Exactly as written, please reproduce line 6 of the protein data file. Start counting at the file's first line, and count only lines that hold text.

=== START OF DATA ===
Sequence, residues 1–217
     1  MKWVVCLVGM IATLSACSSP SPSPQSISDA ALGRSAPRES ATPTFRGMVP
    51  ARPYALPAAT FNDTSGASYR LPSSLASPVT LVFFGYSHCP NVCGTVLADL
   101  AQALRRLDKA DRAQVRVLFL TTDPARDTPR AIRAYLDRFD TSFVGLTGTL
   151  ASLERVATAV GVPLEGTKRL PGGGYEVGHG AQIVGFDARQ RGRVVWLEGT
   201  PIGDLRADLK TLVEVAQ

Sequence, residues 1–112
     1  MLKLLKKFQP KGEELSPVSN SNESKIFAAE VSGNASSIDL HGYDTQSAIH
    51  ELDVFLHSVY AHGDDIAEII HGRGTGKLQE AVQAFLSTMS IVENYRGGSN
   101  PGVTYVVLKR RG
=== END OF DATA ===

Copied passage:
   201  PIGDLRADLK TLVEVAQ